Cracks in the U.S. work force suggest that our legacy of ever-expanding opportunity and advancement is under threat.
Even as unemployment remains high, 3 million U.S. jobs sit vacant because businesses can’t find qualified workers to fill them. And the current generation of students could be the first in our history to be less educated than their parents.
Fewer Americans are emerging from our public education system with sufficient skills in math, science, reading, communications and critical thinking. Without that foundation, it’s harder for them to advance their education or careers in our modern economy. Consequently, the United States has fallen to 10th in the world in the percentage of young adults with a college degree — we used to be first.
Complicating matters, the jobs of the 21st century are becoming more specialized and technical, requiring more education, advanced training and sophisticated skills. Approximately 90 percent of the jobs in the fastest-growing occupations require some post-secondary education and training. By 2020, there will be 120 million “high-skilled” and “high-wage” jobs.
To ensure a steady flow of American workers to fill those jobs, we must strengthen U.S. education and job training, aligning those systems with the needs of our economy.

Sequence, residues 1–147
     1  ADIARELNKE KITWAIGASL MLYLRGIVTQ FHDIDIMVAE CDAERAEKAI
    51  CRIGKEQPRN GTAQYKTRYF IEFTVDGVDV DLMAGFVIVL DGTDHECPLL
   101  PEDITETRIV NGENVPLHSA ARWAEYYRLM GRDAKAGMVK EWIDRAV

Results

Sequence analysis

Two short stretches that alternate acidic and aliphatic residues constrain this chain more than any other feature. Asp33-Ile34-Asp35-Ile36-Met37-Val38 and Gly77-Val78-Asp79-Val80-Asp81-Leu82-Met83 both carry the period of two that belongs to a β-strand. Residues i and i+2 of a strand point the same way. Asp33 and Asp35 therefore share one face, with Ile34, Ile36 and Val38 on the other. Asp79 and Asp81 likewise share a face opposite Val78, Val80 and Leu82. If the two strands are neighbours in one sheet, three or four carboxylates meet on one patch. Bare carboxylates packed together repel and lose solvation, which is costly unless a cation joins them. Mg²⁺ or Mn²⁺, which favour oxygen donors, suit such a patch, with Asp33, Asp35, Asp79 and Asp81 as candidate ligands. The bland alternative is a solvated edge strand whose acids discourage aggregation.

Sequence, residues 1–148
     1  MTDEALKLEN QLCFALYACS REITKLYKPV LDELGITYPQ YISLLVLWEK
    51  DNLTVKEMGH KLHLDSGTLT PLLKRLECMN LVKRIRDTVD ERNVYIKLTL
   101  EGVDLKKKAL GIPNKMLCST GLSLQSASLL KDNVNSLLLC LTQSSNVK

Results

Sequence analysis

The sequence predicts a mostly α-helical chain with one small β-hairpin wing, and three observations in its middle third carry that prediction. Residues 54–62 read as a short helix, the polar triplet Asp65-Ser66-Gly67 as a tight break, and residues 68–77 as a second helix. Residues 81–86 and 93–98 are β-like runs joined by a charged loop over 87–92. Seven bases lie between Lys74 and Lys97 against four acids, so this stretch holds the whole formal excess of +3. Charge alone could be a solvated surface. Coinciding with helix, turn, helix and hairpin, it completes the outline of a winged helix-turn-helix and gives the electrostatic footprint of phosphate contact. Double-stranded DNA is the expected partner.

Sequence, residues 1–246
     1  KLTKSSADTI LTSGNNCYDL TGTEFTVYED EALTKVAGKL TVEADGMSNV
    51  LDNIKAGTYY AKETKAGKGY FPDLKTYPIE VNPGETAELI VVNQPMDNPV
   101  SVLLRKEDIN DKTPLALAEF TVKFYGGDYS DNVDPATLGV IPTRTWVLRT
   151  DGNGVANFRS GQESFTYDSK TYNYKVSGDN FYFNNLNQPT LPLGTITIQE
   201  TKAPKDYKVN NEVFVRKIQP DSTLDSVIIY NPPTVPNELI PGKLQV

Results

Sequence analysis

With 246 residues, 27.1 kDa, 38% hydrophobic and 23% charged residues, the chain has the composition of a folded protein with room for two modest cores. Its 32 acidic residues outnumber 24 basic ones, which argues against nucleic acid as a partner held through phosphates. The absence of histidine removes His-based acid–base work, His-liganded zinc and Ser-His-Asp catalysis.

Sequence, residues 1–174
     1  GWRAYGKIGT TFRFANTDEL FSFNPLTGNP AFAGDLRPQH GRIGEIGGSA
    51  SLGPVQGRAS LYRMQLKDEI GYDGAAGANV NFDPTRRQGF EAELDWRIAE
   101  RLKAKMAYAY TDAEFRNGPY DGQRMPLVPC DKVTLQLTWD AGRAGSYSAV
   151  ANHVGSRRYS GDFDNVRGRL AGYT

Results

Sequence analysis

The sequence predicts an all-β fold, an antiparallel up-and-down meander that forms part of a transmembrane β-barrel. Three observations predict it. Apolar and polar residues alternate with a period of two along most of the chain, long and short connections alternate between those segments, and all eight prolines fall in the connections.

U.S. businesses can and must play a role. The business community continues to advocate for policies that better prepare students to be college and career ready — such as Common Core State Standards — and supports an overhaul of current job training systems. Companies also invest heavily in education, contributing more than $4 billion a year. But we’ve largely left the job of educating our work force to the educators. Business needs to take a more hands-on approach.
We’ve got to clearly articulate what we need: competitive workers who can write, reason, solve problems, and apply their learning and use their diplomas or degrees to contribute to our economy.
We must help students see a clear connection between their programs of study and tangible opportunities in the labor market. And we need to bring more American students into our businesses through internships and apprenticeships. “Work-linked” learning can enrich their education and help decide career paths.
The bottom line is that the education and competitiveness of our workers affect all of us. It determines the economic strength and global competitiveness of our country. So we’ve got to work together to make sure that we’re improving and investing in one of America’s greatest assets — the U.S. work force.
If we do that, we’ll be able to protect the great American legacy of opportunity and advancement, too.
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— Tom Donohue is president and CEO of the U.S. Chamber of Commerce. The opinions expressed are his own.